- The Washington Times - Wednesday, January 19, 2005


Niger president to lead African group

ACCRA — Nigerien President Mamadou Tandja was chosen yesterday to lead the Economic Community of West African States (ECOWAS) at its annual summit to discuss the region’s security needs.

“I will work diligently on regional and international fronts to promote adequate political stability,” Mr. Tandja said after he edged out Yahya Jammeh of Gambia in a vote of 10 of his counterparts at the summit in Ghana.

Departing ECOWAS leader John Kufuor, president of Ghana, opened the summit with reflections on his two terms as a time of significant achievement, both in stability and economic growth. He noted, however, that these achievements were offset by the conflicts in Sierra Leone, Liberia and Ivory Coast.


Conte survives assassination attempt

CONAKRY — Gunmen fired on a convoy carrying Guinean President Lansana Conte here yesterday, officials said.

Mr. Conte was not hurt in the assassination attempt, but a member of his security team riding a motorcycle in the convoy was gravely wounded and taken to a hospital, a government security official said.

Security forces increased protection around the presidential palace and other important installations, but the city was otherwise calm, residents said. Mr. Conte has ruled the former French colony since seizing power during a 1984 military coup. He is rarely seen in public.

Guinea has had only one other leader since gaining its independence from France in 1958. Dictator Ahmed Sekou Toure died in 1984 during heart surgery at a hospital in the United States. Mr. Conte, then an army colonel, declared himself president a week later.


7 election hopefuls left off Feb. 13 ballot

BANGUI — The constitutional court yesterday put off indefinitely a ruling on an appeal by seven candidates that it had barred from next month’s presidential election, state radio reported. The report gave no reason for the court’s action and did not say when it might rule.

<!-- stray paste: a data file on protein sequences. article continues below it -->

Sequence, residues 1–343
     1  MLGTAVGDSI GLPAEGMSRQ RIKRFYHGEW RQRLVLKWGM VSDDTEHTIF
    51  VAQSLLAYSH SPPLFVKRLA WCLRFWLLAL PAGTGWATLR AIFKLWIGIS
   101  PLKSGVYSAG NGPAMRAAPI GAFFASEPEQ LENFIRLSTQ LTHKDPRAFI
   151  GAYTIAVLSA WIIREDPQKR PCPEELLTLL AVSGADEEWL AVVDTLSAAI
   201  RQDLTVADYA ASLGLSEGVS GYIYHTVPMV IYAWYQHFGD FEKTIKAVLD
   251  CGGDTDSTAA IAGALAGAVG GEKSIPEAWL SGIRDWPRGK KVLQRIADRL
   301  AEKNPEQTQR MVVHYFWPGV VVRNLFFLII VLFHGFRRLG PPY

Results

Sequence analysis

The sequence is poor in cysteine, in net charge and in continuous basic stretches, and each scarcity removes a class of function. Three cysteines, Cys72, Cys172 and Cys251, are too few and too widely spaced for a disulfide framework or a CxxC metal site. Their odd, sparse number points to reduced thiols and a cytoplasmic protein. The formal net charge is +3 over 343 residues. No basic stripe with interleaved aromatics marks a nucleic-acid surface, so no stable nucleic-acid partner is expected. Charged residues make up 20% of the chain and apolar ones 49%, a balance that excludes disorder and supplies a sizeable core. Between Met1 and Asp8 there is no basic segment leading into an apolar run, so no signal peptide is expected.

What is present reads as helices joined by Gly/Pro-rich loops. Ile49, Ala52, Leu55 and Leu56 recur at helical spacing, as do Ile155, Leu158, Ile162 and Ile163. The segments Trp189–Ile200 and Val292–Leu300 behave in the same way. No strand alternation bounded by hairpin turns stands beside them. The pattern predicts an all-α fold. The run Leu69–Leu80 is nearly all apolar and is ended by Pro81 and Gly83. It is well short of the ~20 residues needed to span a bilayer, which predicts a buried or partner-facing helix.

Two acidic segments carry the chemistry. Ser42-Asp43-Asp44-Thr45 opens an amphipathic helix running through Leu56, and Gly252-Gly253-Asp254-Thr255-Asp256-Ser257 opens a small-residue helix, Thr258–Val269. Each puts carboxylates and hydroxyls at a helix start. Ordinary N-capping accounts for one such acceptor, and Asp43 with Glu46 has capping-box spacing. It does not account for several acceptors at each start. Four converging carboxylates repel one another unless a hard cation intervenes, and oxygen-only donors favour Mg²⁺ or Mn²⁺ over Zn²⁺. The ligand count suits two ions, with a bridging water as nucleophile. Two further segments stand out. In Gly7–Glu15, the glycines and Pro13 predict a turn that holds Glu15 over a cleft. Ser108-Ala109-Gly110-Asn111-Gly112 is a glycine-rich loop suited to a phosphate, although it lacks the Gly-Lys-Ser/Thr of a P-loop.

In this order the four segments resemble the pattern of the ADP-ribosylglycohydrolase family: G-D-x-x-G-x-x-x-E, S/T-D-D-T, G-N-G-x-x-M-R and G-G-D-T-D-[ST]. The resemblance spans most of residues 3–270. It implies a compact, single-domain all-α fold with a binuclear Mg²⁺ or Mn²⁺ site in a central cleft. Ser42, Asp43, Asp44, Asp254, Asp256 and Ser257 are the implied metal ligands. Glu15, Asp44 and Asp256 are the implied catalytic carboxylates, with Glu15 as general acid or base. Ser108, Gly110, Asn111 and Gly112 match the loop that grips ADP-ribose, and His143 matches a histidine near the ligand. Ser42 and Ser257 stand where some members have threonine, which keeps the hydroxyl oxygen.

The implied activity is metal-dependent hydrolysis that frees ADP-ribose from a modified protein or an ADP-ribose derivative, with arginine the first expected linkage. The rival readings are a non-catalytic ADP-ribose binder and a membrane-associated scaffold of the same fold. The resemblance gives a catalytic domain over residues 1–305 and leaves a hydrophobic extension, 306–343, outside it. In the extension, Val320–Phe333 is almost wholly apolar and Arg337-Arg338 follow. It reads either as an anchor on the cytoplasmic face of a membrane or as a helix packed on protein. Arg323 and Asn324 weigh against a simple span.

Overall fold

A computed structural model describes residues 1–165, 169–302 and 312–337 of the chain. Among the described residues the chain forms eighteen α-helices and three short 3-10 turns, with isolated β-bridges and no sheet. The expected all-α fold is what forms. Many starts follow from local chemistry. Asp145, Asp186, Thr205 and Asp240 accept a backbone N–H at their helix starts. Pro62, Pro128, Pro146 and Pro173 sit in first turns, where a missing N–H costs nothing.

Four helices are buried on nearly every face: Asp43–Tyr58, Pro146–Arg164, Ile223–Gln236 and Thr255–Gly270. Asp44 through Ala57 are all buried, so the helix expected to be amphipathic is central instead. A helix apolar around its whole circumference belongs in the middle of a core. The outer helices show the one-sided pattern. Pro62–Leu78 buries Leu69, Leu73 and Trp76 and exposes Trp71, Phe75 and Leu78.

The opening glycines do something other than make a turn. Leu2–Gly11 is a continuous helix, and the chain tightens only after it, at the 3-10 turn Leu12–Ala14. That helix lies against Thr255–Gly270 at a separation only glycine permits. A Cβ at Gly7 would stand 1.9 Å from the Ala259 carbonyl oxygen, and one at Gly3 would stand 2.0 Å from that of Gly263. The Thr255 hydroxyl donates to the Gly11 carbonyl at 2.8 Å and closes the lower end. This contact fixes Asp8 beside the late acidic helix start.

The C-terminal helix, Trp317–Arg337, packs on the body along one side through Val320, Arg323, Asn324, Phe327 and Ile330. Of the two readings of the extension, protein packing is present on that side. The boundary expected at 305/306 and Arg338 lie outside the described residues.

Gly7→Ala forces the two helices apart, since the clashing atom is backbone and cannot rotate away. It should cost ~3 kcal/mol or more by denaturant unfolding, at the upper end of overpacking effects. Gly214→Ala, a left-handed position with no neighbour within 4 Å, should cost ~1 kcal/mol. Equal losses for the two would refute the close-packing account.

The country plunged into crisis on Dec. 30 when the court approved only five of 12 candidates for the Feb. 13 election, including current President Francois Bozize, his deputy Abel Gouba and former President Andre Kolingba.

Excluded were former President Ange Felix Patasse, who was ousted by Mr. Bozize in March 2003, his one-time defense minister Jean-Jacques Demafouth and five others.

Three of the five — former Prime Ministers Jean-Paul Ngoupande and Martin Ziguele and ex-minister Charles Massi — later were declared eligible by Mr. Bozize in the face of protests, but the court refused to accept the president’s action.

Weekly notes

The top U.N. envoy to Sudan postponed talks yesterday with rebel officials in southern Sudan until he can meet with their leader to negotiate the deployment of up to 10,000 peacekeepers to monitor the peace accord. John Garang, chairman of the rebel Sudan People’s Liberation Movement, was expected to arrive in Rumbek yesterday, but by midafternoon, there was no sign of him, and U.N. envoy Jan Pronk flew to Ethiopia to meet with African Union officials. … Somalia’s transitional government in exile said yesterday that it would start moving back to Mogadishu by the end of the month, despite threats of attack by Islamist militants. Prime Minister Ali Mohamed Gedi will lead a team of Cabinet members and lawmakers based in Kenya back to Somalia in the next two weeks to assess security, political and logistic conditions, presidential spokesman Yusuf Ismail said.

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